The Original Stylish Sci-Fi
I was lucky enough to hear that The Prince Theatre in Leicester Square was showing ‘Blade Runner’ (#97 on 2007 AFI top 100 list) this weekend so like a sci-fi movie buff I pre ordered tickets to ensure I was able to watch what is hailed as Ridley Scott’s best work (yes, even better than Alien apparently) on the big screen. Obviously I don’t qualify as much of a sci-fi enthusiast to go alone so I dragged my friend Cam who is also attempting to complete the list of the AFI’s top 100 movies of all time, but lacks the focus to get through it because unlike me she probably has more productive things to do with her time.
It felt like we were in a 1982 time warp when I and Cam spotted the original movie poster outside the cinema – the time-travelling didn’t stop there: When we got into the retro theatre we sat on chairs that were made from the tough brown leather that look liked it was as old as the building, but still durable after all those years of wear and tear and the screen was covered by traditional thick red velvet curtains – the perfect setting for a classic movie. We had our popcorn, coke and seats and were ready to see the awesomeness that is ‘Blade Runner’. As the lights went down and the curtains drew back I looked over to Cam and said ‘Do you have any idea what this is about’ she looks back to me, smiled and replied ‘No’.
Sometimes it’s a good idea to go into the movie blind – it can avoid the disappointment of having high expectations that I have suffered a few times when going through the list. Cam’s friend gave her some good advice before she saw the movie with me which was; ‘You’ve seen it all before, but remember this film did it first – which is why it is considered so great!’ That pretty much applies to most of the films that made the AFI 100 movies cut.
I must admit I’m not much of a sci-fi man, I haven’t managed to see the original ‘Star Wars’ (#16 1998, #13 2007) yet, but the plot of ‘Blade Runner’ was pretty familiar: The film is set in Los Angeles 2019 which I guess seemed like a long way away in 1982 – where Rick Deckard played by Harrison Ford must track down and kill four evil genetically engineered Replicants who look like humans but possess superior strength. Obviously he falls in love with an additional one on the way played by icy Sean Young and things get complicated when he must decide whether to save or retire her.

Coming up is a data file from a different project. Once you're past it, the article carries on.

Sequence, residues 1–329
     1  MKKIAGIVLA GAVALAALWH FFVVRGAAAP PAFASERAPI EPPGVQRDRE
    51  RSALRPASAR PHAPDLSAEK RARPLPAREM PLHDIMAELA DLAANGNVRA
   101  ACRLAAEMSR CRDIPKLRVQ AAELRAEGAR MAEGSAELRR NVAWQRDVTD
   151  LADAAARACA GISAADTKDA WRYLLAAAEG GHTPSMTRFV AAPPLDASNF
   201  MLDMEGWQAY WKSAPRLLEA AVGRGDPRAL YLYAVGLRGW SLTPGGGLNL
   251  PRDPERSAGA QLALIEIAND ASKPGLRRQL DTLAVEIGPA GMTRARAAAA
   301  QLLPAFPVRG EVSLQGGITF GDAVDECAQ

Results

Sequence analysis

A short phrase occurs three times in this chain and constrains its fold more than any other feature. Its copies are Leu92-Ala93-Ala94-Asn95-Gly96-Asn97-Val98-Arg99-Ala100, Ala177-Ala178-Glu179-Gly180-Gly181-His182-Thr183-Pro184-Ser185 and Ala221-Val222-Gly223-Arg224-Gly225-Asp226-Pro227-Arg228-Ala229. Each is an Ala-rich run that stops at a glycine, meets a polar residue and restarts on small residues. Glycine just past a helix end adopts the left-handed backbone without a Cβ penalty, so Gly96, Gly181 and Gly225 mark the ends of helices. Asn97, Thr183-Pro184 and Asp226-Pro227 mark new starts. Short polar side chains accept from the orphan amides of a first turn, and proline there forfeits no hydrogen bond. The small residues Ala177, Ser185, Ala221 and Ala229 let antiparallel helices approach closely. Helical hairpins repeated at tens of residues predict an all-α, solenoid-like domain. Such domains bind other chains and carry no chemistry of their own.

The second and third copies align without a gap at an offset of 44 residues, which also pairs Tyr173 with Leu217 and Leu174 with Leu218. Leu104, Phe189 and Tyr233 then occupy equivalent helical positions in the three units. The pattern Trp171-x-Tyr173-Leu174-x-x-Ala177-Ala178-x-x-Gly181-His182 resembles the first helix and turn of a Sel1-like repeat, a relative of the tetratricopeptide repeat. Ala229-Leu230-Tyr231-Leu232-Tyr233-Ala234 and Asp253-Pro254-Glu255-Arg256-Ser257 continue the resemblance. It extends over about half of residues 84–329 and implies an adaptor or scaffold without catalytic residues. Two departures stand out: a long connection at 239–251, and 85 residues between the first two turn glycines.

What sets this movie apart from the rest is the noir feel it has – ‘Blade Runner’ is very stylised and at times feels like a crime thriller rather than a straight forward science fiction film. I can see that films like ‘Watchman’ (2009), ‘Sin City’ (2005) and even ‘Kill Bill’ (2003) have been heavily influenced by Scott’s innovative piece. The special effects seem ahead of it time and are particularly impressive for an early 80s film although they anticipated evil robot like creatures and flying cars in the noughties, but they couldn’t have imagined a flatter TV screen or colour computer?
Ford who along with Bruce Willis is the epitome of an 80s action star is perfect as the reluctant hero and Sean Young who reminds me so much of Katy Perry in this plays the stiff and disconnected Rachael well – although I will forever associate her as the transsexual dolphin stealing ex-football player in ‘Ace Ventura’ (1994). Perhaps the big surprise for me was Daryl Hannah who I had no idea was in the movie – she is magnificent and terrifying as Pris and probably inspired Quentin Tarantino to cast her in his ‘Kill Bill’ masterpiece.
Ridley Scott speaks about Harrison Ford as Deckard in ‘Blade Runner’
My only issue with the movie is that at times the plot can be too thin – the protagonist seems to conveniently track down the enemy without much of a struggle and the dialogue is not as gripping or as slick as the cinematography and for that reason I’d give it a 3 out 5. Perhaps like Cam I need to see it again to fully see what I missed the first time round or I might view the Blade Runner Sequel instead which seems to be forever in the works.